Student Response Systems: Interactivity in a Classroom Environment

Based on the experimentation and findings described in this paper, interactive
classrooms which use student response capabilities have been shown to improve the learning process, and this concept should be explored further as we look for technology’s role in the “classroom of the future” for both industrial and public education. Dr. Harold Horowitz, Program Director of Educational Technology at IBM

Classroom Response Systems (“Clickers”)

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Please share this information with both teachers and administrators.

 

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Turn Your iPad Into a Document Camera

Turning your iPad into a Document Camera is such a great use of the iPad in the classroom. Best of all, building your document camera is really quite simple and very inexpensive.

iPad as a document camera

 

Here’s what you’ll need:

1. iPad 2 or higher (iPad must have rear camera)

2. iPad VGA connector – This plugs into your iPad port and allows you to attach it to a VGA-equipped TV, monitor, or external projector for video mirroring. Basically, this allows you to output your iPad display to a TV or projector. You can find these on eBay or online stores for around $20.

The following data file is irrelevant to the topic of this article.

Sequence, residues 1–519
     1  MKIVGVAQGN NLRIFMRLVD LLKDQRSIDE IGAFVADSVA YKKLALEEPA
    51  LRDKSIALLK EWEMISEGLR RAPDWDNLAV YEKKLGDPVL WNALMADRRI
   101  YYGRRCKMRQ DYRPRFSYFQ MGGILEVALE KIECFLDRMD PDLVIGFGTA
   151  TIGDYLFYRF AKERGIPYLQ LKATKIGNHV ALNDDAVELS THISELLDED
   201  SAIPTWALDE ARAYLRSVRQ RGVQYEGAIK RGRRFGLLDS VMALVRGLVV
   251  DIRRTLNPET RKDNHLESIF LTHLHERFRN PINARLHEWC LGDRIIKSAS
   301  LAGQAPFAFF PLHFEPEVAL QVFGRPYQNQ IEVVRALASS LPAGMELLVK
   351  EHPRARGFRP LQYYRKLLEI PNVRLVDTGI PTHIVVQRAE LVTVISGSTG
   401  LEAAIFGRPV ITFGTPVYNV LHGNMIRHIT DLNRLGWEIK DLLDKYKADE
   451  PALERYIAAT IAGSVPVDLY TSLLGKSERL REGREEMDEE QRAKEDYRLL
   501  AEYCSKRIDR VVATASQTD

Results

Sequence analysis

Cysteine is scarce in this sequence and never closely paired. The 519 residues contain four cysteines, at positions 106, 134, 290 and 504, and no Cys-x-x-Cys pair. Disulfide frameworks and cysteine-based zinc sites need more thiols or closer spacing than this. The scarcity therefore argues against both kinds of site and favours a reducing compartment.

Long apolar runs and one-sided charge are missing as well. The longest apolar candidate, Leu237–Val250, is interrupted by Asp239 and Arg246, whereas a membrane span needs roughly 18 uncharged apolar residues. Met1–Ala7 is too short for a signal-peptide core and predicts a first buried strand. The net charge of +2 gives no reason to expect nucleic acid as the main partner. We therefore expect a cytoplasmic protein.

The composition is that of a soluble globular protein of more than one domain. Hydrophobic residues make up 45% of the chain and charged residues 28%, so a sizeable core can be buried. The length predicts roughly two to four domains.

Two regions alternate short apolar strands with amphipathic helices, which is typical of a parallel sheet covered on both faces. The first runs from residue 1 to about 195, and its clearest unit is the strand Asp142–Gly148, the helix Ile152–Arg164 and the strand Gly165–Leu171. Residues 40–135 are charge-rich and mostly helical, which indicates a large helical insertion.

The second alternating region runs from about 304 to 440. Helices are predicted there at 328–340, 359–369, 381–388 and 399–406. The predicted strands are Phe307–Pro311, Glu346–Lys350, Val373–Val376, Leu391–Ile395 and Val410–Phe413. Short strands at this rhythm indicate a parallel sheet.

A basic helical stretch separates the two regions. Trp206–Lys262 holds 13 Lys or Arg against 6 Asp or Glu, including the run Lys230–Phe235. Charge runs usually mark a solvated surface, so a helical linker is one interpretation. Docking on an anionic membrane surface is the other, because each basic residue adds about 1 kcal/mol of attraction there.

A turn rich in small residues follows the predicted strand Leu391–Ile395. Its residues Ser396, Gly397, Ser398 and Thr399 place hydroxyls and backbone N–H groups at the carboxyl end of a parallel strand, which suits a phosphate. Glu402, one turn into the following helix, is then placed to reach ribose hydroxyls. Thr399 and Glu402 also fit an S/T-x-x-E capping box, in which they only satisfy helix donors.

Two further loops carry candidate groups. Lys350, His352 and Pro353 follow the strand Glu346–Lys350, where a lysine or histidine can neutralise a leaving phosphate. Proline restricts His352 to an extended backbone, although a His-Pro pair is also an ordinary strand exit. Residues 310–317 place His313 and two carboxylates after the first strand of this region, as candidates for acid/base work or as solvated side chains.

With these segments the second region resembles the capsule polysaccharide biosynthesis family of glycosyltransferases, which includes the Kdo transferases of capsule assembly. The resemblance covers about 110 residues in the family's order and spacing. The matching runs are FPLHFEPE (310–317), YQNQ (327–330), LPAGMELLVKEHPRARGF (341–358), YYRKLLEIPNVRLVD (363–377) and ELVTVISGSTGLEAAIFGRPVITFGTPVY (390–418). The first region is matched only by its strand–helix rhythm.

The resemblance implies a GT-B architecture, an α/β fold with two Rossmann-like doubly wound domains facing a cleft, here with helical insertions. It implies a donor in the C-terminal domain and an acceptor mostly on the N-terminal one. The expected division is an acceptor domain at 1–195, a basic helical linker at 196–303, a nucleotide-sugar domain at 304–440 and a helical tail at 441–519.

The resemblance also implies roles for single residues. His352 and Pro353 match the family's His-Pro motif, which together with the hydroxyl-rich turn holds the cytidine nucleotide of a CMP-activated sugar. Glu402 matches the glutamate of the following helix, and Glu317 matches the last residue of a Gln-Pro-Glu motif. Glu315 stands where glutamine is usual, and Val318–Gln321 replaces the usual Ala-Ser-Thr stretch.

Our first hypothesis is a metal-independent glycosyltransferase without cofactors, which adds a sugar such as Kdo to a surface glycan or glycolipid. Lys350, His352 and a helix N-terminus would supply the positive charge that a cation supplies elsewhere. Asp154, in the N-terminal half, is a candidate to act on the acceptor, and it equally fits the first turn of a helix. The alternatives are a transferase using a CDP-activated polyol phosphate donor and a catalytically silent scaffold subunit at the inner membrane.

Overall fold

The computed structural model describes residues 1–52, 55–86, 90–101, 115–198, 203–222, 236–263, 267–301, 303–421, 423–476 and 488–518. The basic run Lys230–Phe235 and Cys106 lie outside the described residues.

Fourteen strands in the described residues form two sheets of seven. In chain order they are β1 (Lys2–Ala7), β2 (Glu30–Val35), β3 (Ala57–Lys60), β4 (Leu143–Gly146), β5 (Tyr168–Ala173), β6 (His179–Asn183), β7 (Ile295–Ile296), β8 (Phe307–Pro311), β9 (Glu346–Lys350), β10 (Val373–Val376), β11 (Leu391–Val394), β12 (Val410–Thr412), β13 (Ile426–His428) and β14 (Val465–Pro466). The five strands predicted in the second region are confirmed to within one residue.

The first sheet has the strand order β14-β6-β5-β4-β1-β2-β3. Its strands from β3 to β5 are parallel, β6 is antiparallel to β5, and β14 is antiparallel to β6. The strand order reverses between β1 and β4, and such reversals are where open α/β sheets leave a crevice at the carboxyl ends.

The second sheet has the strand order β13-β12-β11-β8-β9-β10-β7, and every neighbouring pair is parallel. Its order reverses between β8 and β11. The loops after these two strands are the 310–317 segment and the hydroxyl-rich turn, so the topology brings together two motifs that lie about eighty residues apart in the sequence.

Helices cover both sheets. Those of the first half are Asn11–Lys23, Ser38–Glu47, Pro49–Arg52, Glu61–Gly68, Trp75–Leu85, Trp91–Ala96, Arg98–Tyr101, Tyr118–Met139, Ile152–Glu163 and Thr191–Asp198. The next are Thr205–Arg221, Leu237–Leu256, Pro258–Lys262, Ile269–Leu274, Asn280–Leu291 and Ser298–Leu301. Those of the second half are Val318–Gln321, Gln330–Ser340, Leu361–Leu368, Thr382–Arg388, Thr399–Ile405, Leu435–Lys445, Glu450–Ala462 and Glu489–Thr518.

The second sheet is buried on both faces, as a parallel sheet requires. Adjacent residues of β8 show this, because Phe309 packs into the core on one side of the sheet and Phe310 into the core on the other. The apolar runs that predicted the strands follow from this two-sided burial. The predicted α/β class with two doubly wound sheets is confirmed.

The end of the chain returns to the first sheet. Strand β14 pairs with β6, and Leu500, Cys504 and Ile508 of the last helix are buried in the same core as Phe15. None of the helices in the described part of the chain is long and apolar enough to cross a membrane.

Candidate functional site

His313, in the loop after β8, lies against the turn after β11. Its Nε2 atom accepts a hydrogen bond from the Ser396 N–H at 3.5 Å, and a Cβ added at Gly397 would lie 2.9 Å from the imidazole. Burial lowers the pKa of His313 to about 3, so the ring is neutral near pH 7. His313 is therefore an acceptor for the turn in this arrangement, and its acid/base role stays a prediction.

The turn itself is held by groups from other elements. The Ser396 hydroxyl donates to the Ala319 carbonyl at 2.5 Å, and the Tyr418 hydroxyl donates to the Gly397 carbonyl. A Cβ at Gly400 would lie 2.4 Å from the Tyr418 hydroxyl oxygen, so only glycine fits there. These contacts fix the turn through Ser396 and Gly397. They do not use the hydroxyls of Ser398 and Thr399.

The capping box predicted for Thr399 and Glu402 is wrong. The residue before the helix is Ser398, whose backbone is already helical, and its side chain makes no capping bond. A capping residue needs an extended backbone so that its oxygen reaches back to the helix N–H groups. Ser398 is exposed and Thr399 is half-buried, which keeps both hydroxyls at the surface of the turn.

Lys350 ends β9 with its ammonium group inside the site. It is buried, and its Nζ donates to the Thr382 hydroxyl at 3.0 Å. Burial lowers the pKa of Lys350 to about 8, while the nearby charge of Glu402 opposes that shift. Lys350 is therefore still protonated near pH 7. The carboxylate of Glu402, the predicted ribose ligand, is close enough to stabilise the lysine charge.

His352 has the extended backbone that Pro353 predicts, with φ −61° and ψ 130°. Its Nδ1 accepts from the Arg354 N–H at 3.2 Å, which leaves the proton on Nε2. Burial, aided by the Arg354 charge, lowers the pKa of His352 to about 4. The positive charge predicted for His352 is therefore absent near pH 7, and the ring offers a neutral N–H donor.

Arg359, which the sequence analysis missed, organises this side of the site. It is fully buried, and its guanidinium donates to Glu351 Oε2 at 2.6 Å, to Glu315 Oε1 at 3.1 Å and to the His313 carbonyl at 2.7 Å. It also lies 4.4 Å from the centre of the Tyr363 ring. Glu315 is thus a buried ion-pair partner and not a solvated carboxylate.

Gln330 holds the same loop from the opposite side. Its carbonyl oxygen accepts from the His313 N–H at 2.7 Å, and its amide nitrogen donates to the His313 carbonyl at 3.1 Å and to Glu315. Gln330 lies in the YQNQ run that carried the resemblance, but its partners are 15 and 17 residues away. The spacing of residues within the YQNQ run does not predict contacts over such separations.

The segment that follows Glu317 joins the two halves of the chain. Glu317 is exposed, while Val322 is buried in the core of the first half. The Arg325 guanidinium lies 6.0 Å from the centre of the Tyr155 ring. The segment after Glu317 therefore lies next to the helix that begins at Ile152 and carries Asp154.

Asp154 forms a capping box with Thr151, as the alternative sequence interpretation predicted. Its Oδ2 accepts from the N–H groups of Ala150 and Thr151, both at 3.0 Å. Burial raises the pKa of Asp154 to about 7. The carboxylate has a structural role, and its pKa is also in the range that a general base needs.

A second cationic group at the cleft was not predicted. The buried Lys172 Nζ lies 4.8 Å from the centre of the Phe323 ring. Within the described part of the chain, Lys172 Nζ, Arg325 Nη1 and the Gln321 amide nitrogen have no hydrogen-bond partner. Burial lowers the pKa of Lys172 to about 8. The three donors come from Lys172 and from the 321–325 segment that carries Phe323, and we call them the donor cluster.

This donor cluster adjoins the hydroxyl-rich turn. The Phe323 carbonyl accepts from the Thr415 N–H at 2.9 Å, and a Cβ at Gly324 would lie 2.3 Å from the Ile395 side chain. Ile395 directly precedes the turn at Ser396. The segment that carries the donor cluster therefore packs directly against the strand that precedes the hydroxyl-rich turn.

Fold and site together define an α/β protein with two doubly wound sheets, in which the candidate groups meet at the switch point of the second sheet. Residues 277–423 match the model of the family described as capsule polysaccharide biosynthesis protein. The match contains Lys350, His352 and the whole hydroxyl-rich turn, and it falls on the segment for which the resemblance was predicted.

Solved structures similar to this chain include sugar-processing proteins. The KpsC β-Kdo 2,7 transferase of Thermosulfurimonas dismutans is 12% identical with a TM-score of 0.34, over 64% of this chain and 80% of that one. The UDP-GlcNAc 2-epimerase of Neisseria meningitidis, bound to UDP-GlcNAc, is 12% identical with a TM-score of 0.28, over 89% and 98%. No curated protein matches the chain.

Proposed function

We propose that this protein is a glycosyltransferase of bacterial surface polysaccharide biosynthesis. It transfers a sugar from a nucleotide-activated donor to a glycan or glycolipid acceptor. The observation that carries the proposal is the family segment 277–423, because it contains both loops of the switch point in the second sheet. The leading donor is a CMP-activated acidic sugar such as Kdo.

3. iPad mount – All you need now is something to mount your iPad on to so you can place documents underneath the iPad’s camera and view them using an overhead projector. The key thing here is that you may need to adjust the height of the mounted iPad. The image above shows what’s called a ring stand. It’s using a clamp that is then attached to something that can support the iPad. You may just want to buy a circle support big enough to support the iPad. I checked online and you can get a new one with a circle ring support for around $20.

Ring stand with circle ring

 

Once you have everything, all you need to do is, (1) attach the iPad to the projector using the VGA connector, (2) adjust the height of the circle ring and place your iPad on the circle ring support with the back camera facing the table and the iPad screen display facing up, and (3) turn on your iPad camera and place your document underneath the camera.

Here’s a video that demonstrates all the steps. This demonstration shows using a clamp and not a circle ring on your ring stand.

That’s about it. When you turn on the camera, the camera’s image will be displayed on the overhead projector. Make sure you have enough light to see your documents clearly and don’t be afraid to adjust the height of the circle support for optimum viewing. When using the iPad as a document camera, you can zoom in and of course take a snapshot of of what you’re viewing.

A big thanks to Sam Gliksman for highlighting this idea on his iPads in Education Ning.

Please share this idea with your school’s tech people. They should be able to figure out a way to support the iPad or they can probably find a ring stand sitting in a Science closet somewhere.

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Welcome to Teaching With iPads

Teaching With iPads is a free site for teachers who are using iPads in the classroom or for anyone interested in how an iPad can help improve learning in the classroom.